It is no less problematic to have an unreliable Internet connection with large periods of significant packet loss as it is to have a complete outage. Packet loss means the transmission of data is not happening in the smooth consistent flow needed. In your office you would notice this as interruptions in your VoIP calls, or potentially delays in pulling up web pages or sending emails, or frozen or very slow systems if your business applications are hosted in the cloud.
Not all of these reliability issues directly result from the level of service. But service level is a big part of it.
Calculating the Costs
Let’s put some numbers on the loss of Internet service (or a slow unreliable Internet connection or disrupted service).
We’ll use the example of XYZ Consulting Inc. There are a variety of ways to calculate downtime expense, but we’re going to keep it simple and focus on two things: The amount XYZ has to pay employees even though they are not able to work, and the lost sales the company experiences.
Let’s assume four employees each make an average of $60,000 annually, including benefits costs. Based on working full-time (40 hours per week), the business spends around $28.85 per hour for each employee.
If those four employees each lose 4 hours of productivity time each month, that amounts to $462.00 simply in pay for lost time, each month.
But that’s not all.
Consider the lost revenue your business may be missing out on. Let’s assume each employee is responsible for generating or contributing significantly to $150,000 in annual sales, per person. That is $72.12 per hour in sales activity. Multiply that by 4 hours of lost employee time, by four people, and that’s $1,154 in lost sales monthly.
Add together the compensation you’ve had to pay out ($462), along with the lost sales ($1,154), and together the costs amount to $1,616.00. But, you think, they can do other things during that time, right? Yes, but think how dependent you are on your computers and systems. So let’s assume each employee is 75% dependent on IT systems. Multiply .75 x 1616, and you get to $1,212.00 lost each month in productivity and sales.
You can get a reliable Internet connection for a small business for a lot less than that each month!
How to Avoid Those Hidden Costs by Choosing a Reliable Provider
Choosing a reliable Internet provider, and opting for high speed business service, versus consumer service, can prevent losses. Here are some questions to ask:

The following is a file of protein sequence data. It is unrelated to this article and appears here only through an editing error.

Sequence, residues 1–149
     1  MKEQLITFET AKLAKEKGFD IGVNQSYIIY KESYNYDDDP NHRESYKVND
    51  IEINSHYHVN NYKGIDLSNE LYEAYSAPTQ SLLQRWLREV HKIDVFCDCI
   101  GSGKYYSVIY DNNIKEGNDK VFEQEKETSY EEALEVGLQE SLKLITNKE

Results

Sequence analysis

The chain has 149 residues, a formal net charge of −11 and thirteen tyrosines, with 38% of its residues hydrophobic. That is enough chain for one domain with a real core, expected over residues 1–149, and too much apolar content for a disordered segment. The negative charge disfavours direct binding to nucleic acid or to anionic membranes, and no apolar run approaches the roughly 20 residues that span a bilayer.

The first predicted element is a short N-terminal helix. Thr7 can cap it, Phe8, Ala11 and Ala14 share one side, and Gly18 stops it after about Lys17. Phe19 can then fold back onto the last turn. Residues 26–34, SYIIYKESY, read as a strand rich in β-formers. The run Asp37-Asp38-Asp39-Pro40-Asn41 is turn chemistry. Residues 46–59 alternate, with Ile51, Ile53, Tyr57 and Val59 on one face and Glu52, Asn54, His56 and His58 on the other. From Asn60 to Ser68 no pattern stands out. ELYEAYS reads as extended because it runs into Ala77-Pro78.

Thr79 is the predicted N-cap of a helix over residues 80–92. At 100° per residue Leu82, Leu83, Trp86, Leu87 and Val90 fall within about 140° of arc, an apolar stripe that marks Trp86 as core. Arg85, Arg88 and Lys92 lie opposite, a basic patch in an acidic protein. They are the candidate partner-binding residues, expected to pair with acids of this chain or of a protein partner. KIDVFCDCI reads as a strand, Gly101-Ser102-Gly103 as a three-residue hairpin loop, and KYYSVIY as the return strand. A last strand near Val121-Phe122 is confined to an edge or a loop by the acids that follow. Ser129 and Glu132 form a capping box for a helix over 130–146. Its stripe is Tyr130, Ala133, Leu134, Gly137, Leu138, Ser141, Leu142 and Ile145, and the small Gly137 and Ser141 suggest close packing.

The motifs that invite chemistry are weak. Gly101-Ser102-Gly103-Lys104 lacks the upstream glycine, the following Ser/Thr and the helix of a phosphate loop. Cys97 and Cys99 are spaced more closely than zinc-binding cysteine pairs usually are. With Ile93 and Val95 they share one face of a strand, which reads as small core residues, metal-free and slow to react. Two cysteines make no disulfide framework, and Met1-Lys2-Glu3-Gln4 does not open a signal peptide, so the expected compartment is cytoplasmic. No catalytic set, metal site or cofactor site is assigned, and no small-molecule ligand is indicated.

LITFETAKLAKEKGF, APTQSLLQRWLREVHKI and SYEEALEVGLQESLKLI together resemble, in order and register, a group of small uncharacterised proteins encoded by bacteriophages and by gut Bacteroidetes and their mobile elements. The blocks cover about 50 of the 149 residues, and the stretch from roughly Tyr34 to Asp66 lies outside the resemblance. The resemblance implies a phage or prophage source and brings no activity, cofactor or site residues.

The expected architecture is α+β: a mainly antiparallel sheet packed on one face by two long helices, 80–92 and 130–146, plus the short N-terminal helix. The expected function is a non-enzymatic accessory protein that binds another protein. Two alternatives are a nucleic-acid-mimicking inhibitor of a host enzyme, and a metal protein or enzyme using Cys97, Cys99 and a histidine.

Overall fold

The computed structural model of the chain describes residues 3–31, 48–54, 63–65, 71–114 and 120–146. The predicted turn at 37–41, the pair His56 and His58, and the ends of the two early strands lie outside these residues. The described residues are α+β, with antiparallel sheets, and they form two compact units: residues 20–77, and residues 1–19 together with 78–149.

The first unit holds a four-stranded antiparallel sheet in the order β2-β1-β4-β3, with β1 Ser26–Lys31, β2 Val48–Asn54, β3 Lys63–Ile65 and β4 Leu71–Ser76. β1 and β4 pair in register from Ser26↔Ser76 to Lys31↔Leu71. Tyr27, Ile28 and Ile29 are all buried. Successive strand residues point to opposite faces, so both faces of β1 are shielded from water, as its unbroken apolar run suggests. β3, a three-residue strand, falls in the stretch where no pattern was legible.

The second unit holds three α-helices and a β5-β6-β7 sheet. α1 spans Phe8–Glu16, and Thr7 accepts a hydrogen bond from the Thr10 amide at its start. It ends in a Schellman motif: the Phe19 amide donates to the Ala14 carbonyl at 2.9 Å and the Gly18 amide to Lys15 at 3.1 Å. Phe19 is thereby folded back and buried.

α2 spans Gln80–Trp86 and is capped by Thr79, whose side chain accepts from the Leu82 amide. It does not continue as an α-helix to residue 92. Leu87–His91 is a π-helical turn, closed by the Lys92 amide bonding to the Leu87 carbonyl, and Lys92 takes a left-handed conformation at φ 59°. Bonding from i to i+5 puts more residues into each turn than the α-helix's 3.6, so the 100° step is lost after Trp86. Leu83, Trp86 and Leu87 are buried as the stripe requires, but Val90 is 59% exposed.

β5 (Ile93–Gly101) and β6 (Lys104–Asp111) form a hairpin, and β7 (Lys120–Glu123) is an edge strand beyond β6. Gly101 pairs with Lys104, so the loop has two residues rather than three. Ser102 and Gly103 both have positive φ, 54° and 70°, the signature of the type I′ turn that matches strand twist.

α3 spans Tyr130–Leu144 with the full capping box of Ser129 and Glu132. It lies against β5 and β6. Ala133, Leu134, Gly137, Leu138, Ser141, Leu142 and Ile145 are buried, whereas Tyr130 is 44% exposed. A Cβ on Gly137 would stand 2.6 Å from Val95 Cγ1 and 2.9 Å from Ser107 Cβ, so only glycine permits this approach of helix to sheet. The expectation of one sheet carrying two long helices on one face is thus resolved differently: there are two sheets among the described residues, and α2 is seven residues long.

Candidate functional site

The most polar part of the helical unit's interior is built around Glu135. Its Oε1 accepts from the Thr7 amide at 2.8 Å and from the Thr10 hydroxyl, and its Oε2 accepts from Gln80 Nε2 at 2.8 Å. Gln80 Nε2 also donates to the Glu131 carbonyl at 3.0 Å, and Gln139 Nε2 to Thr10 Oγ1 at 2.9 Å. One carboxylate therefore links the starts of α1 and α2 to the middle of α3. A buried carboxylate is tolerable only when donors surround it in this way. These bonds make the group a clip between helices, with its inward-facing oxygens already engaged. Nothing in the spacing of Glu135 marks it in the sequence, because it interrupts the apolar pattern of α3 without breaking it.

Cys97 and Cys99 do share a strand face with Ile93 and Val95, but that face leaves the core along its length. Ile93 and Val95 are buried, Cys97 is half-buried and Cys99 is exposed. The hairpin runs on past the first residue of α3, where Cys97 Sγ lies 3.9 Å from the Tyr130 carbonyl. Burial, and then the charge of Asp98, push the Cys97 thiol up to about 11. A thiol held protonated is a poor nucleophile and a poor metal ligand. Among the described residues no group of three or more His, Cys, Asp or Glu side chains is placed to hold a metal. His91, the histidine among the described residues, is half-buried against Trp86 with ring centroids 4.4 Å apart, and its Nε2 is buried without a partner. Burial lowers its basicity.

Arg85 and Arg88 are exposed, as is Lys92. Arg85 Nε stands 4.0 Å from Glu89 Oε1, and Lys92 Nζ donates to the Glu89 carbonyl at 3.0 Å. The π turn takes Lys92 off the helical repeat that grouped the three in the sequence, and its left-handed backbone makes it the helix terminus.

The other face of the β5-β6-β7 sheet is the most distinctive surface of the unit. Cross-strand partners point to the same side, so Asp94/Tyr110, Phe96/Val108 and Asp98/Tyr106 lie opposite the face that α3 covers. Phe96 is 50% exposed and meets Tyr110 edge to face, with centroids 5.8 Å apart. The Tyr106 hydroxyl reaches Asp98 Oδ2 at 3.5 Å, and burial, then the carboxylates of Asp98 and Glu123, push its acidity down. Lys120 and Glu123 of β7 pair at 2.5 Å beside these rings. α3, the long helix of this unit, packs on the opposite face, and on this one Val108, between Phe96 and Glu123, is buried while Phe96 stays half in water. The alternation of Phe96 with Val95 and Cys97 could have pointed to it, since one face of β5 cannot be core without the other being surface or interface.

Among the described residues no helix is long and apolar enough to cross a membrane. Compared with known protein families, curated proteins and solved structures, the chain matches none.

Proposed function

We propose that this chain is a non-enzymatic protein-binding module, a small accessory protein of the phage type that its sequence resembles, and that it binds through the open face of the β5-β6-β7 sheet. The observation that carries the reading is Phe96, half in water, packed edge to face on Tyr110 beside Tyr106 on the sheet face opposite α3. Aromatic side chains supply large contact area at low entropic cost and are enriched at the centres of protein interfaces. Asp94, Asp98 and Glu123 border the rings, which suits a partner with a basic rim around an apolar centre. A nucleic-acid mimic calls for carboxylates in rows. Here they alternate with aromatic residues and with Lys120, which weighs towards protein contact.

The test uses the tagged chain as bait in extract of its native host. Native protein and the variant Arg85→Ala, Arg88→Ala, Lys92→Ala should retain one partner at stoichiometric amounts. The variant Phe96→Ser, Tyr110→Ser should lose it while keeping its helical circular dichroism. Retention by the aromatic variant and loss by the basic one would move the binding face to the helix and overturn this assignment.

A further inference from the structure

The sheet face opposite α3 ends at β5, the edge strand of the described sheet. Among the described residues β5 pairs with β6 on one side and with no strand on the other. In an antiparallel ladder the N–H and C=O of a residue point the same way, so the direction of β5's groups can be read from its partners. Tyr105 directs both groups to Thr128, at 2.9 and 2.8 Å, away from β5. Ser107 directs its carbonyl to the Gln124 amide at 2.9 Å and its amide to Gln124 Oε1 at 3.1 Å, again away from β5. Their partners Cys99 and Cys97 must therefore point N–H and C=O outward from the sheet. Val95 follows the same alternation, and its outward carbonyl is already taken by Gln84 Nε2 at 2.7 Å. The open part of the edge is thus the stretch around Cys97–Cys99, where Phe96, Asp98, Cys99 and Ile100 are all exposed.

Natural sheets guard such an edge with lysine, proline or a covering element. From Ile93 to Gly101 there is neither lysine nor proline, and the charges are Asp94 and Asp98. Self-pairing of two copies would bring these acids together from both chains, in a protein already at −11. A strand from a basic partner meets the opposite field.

- Does the ISP have a solid track record of supporting their business clients?
- What’s their uptime history been?
- Does the ISP have their own Internet backbone that they own and operate? If they don’t, and they are just reselling someone else’s, you don’t know what you’re getting and your Internet performance may suffer. Top notch ISPs not only own their own IP backbones, they exchange traffic with other ISPs at multiple “meet me” points to ensure that your traffic can take the best route possible to get to its destination. ISPs that have few peering points may cause your packet to take a long and slow route, rather than a more direct, faster route.
- What sort of availability do they have not only for the entry level support technician you may talk to, but for the engineering staff required to review larger issues?
- If your target market is consumers, not businesses, does the ISP have a lot of consumer customers? Here’s why it’s important: If that is the case, then many of your customers can reach your website or application without having to jump from network to network. It all stays on the same network which helps performance.
- Can they offer your business a fully inclusive solution with this solid Internet connection that can both save you money and let you focus on what your business does best?
Taking all of this into consideration can save you from the bigger headaches — not to mention expenses — in the long run.
No Internet Photo via Shutterstock[“source-smallbiztrends”]